Going green in NYC with electric school buses, composting, and a big oil lawsuit

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Thursday, April 22, 2021
Going green in NYC with electric school buses, composting
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This first electric-powered school bus will begin picking children up next week. The city aims to have 75 electric buses in operation within two years.

NEW YORK (WABC) -- To commemorate Earth Day Thursday, New York City Mayor Bill de Blasio announced some big efforts to go green in the city -- including electric school buses, the return of composting, and a big lawsuit against big oil.

The mayor unveiled the city's first electric school bus, which goes into service Monday, with the goal that 100% of New York City's school bus fleet will electric by 2035.

"When we talk about a green future for this city, we all need to be a part of it," de Blasio said.

The mayor said that the city is building upon its goal of having a 100% electric city fleet by 2040, with buses leading the way.

The city aims to have all school buses electric by 2035.

"Electric buses means clean air for our kids," said Ben Furnas, director of the Office of Climate and Sustainability. "It means clean air for the neighborhoods."

The city expects 75 electric school buses to hit city streets in the next two years.

"This is such an important investment in New York City," Schools Chancellor Meisha Porter said. "In public schools, families and our communities."

ALSO READ | Earth Day: Paterson launches citywide cleanup, NJ takes aim at climate change

In Paterson, officials launched a three-day citywide cleanup, with volunteers sprucing up city streets and parks.

The mayor also announced new legislation in the works that would require all new parking lots and garages to have charging stations for one in every five spots.

"If we are going to have more electric buses, more electric cars, we need more charging stations," he said.

The city announced the expansion of its on-street car share program, putting short term hourly or daily rentals through a smartphone app in underserved neighborhoods. There will be designated spots for on-street parking or in municipal lots, previously only available in private garages and more affluent areas.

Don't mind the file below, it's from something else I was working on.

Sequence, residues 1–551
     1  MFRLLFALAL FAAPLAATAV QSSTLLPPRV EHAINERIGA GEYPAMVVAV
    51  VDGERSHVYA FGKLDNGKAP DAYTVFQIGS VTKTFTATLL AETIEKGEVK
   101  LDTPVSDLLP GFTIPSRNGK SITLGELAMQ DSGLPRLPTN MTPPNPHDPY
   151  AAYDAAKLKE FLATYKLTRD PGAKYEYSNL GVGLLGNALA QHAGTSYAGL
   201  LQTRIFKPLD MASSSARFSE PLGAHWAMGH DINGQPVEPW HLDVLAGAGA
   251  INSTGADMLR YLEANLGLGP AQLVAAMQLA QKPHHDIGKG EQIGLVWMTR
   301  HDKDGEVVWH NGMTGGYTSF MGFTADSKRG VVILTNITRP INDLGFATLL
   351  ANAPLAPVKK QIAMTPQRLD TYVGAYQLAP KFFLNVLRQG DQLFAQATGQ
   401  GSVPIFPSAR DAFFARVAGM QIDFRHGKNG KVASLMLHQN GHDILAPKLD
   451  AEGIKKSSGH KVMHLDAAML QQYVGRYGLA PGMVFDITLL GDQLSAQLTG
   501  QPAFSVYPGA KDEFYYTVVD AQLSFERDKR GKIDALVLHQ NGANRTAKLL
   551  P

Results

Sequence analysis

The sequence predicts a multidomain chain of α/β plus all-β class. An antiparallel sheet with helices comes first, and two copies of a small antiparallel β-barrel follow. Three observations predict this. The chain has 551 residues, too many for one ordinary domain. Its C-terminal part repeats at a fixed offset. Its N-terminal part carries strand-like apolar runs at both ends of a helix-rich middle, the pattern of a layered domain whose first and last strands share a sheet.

The statistics show carshares have cut down on millions of miles driven over the last two years, therefore also cutting down on yearly emissions.

New York City is also resurrecting its curbside composting services after it was cut from last year's budget.

Collection services will begin in October. It will be opt-in, at least for now, with enrollment starting in August.

ALSO READ | Suffolk County to invest $100 million to improve water quality

In Paterson, officials launched a three-day citywide cleanup, with volunteers sprucing up city streets and parks.

The city also filed a lawsuit against Exxon, Shell, BP, and the American Petroleum Institute for violating New York City's Consumer Protection Law through false advertising and deceptive trade practices.

"Our children deserve to live in a world free from climate change, and we must do everything in our power to give them hope and stop climate change in its tracks," de Blasio said. "That means taking on some of the biggest polluting corporations for false advertising and greenwashing, in direct violation of our Consumer Protection Laws. My Earth Day message to Big Oil: See you in court."

The lawsuit seeks relief to stop the defendants from engaging the deceptive practices alleged in the complaint and to recover civil penalties for every violation of New York City's Consumer Protection Law.


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